Attitudes are a widely used construct amongst social scientists. However, what are the exact functions of having attitudes? Why do we have them, what do they do for us?
Functions of Attitudes
Attitudes are defined by Perloff (2003) as: “a learned global (typically emotional) evaluation of an object (person, place or issue) that influences thought and action” (p. 59) (See also article ‘Attitudes Defined’. This article deals with the functions of attitudes. Scholars are interested in these functions because they explain why attitudes are so important to us and why they seem to have such an influence on our behavior.
In general, attitudes seem to help us categorize the world around us. In other words, it makes the world comprehensive. If you prefer abstract thinking: they are like the cabinet with drawers into which we can put all relevant information. More attitudes (and stronger ones, see article ‘Attitude Strength’) mean ‘more cabinets’ or categories, thus a more specific view on the object at hand.
However, there are also other benefits of attitudes. These are (amongst others)
- · Knowledge benefits: this is the previously discussed ‘cabinet with drawers’. The framework by which we can categorize and understand reality as we perceive it.
- · Utilitarian benefits: attitudes can help people obtain better results. For instance, when you absolutely hate mathematics, but have to pass for a statistics exam. Telling yourself what horrible predicament you’re in will not help you perform better. Telling yourself you can do it and you’re not all that bad can. It can actually help you learn easier, and perhaps prove to be just the small difference between a pass and a fail!
- · Social adjustive benefits: we all want to be accepted by important others. For some these others are many, for others there are only a few people important enough. But in the end, (almost) all people need the reckognition of others. Attitudes again help. For instance, your friends are very important to you, but they all listen to metal, something you don’t particularly fancy. In order to be adjusted, however, you may grow to ‘like’ metal more and more, up to the point where you actually do enjoy the sound of grunts and screams just as much as your friends do. This way, you’ve socially adjusted your attitudes to your friends, making them accept you, and giving you a better feeling when listening to their music as well.
- · Social identity benefits: just as important as being accepted, is being identified as a person. People want to communicate who they are. This can be done by buying (and thus having positive attitudes about) certain products or doing certain behaviors. Your metal friends may all wear band shirts, which would be a reason to wear them also, so that you can identify yourself with the group identity of ‘metalheads’. A more personal identification can also take place, for instance, ‘being the only one with blue-dyed hair’. Other examples are religion identification by wearing a cross-necklace, and job-identification, by buying only the brand you happen to work for.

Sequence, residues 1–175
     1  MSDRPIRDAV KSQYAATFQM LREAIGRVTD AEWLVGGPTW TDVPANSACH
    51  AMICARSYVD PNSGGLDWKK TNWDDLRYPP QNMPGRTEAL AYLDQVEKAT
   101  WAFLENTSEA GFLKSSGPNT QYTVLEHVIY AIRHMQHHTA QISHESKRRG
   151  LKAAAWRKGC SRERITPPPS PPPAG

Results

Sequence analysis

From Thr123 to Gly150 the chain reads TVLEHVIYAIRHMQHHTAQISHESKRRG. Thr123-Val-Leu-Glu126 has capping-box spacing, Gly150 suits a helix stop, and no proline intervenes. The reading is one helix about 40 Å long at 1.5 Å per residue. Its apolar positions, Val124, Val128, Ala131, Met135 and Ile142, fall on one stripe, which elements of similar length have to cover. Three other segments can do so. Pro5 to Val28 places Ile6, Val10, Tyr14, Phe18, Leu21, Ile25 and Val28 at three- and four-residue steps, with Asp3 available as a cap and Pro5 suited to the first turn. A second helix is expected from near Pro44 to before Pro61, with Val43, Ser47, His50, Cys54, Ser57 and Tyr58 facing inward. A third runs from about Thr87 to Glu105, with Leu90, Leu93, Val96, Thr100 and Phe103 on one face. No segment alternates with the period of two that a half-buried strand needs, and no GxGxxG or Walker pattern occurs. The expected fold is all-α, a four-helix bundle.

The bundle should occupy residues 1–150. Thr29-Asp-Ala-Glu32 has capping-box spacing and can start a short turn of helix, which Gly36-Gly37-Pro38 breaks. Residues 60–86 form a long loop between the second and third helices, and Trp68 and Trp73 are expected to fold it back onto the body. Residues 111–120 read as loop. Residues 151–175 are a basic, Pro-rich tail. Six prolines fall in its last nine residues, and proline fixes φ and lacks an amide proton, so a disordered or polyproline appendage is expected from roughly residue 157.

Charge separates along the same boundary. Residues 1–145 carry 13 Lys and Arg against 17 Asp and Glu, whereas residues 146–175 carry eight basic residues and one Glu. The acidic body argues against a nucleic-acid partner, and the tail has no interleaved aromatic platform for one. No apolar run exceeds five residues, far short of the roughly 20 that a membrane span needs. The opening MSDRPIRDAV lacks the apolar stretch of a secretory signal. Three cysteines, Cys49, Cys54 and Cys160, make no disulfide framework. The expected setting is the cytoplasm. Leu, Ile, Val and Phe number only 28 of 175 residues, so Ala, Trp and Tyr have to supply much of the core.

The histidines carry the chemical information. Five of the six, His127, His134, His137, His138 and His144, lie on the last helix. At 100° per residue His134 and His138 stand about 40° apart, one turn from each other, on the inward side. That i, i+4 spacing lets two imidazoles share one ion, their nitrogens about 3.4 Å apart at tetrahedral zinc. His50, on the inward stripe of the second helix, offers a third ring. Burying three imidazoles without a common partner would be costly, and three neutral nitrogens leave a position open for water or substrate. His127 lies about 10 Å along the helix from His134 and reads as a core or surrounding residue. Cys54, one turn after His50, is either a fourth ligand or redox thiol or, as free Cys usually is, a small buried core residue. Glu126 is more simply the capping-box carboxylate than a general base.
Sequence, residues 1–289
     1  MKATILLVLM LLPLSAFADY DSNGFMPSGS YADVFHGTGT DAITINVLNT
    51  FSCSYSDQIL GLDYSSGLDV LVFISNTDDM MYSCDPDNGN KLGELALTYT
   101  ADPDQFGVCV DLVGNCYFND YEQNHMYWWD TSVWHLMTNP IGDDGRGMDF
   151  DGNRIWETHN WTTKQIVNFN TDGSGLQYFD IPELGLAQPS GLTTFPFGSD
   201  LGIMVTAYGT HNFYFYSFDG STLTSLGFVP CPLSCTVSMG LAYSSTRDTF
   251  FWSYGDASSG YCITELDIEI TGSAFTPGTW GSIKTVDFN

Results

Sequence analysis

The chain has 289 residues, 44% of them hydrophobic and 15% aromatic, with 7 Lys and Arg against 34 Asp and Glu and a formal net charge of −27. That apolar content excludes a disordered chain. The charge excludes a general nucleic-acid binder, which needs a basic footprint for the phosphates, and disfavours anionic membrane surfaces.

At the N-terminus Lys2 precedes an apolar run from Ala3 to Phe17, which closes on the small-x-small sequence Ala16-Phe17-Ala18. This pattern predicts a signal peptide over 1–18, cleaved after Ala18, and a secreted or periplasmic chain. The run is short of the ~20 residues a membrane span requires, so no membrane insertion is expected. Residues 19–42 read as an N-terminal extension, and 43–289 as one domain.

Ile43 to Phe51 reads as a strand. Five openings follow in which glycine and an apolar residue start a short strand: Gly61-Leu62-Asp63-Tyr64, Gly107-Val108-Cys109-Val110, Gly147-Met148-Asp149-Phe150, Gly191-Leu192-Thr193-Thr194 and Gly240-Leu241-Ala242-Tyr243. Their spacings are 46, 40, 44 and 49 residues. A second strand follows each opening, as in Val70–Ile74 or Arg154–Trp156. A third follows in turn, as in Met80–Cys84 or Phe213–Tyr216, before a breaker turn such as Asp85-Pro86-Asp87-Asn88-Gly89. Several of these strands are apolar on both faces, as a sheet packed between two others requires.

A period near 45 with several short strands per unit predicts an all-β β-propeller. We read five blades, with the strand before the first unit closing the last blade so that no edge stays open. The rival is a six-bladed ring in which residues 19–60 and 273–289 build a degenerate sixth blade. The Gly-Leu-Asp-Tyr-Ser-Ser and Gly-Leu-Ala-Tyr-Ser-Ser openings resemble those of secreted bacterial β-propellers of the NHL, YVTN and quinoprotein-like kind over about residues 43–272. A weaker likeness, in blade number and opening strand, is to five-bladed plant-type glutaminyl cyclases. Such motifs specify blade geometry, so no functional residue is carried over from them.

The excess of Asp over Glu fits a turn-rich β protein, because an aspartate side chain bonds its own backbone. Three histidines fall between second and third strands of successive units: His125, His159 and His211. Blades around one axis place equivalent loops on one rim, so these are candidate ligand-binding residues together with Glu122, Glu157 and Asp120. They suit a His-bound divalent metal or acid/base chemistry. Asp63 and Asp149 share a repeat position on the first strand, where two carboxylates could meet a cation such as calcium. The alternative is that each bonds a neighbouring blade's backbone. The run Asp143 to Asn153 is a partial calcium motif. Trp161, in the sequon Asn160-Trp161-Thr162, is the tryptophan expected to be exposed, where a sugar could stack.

- · Value-expressive benefits: attitudes can be expressive of your core values and beliefs. Wearing black clothes and band shirts can also be an expression of being ‘alternative’ and ‘not like the mainstream’. These express values of independence, autonomy and individuality. Tattoos can be another good example of this.
- · Lastly, ego-defensive benefits: attitudes that you accept as your own because you feel you need to defend yourself against awkward outside inputs. For instance, you tell yourself your favourite soccer team will probably lose the final match. This way, you will avoid being devastated when they actually do fail to win, but you will be alleviated when they do. You avoid awkward situations, you’re defending yourself against it. In order to do so, you must convince yourself with enough arguments that the team is really not all that good at the moment, thus it will probably not win.
One important thing to remember from this list is the following: people can share the same attitude, but have different functions underlying it. For example, one metal-fan (yes, again the metalheads) wears band-shirts and has positive attitudes towards the music because of social-adjustive reasons: this way his friends like him. Another person might be into the metal-scene because of more value-expressive reasons: informing her parents that she is rebellious and autonomous.
Messages that are in line with the underlying functions of people are more likely to be persuasive. For instance, you want to convince a person that metal-music is very uncool. When addressing the first metalhead from above (the one who is socially-adjustive), a message may focus on letting this person think that his friends are more into soft-rock music, rather than heavy metal. Or getting him to take up a different set of friends altogether, perhaps. For the second person (the value-expressor) it might be more important to give them more space to express their autonomy and rebellion in different ways, such as piercings?
You can read more on persuasion in my articles on Persuasion Defined, Strategies to Persuade, Processes of Persuasion and Cialdini’s Weapons of Influence.
Another important thing to take home is the notion that all functions can also prove to be dysfunctional. Think for a moment. A piercing might be really functional in expressing values, yet, if you get an ulcer because of it, you’re not helping yourself that much. The balancing of importance of these functions and dysfunctions can be difficult, it’s obviously a personal balance and also very context specific.
Perloff, R.M., The Dynamics of Persuasion, Communication and Attitudes in the 21st century (2nd edition), Mahwah, NJ/London: Lawrence Erlbaum Associates, 2003.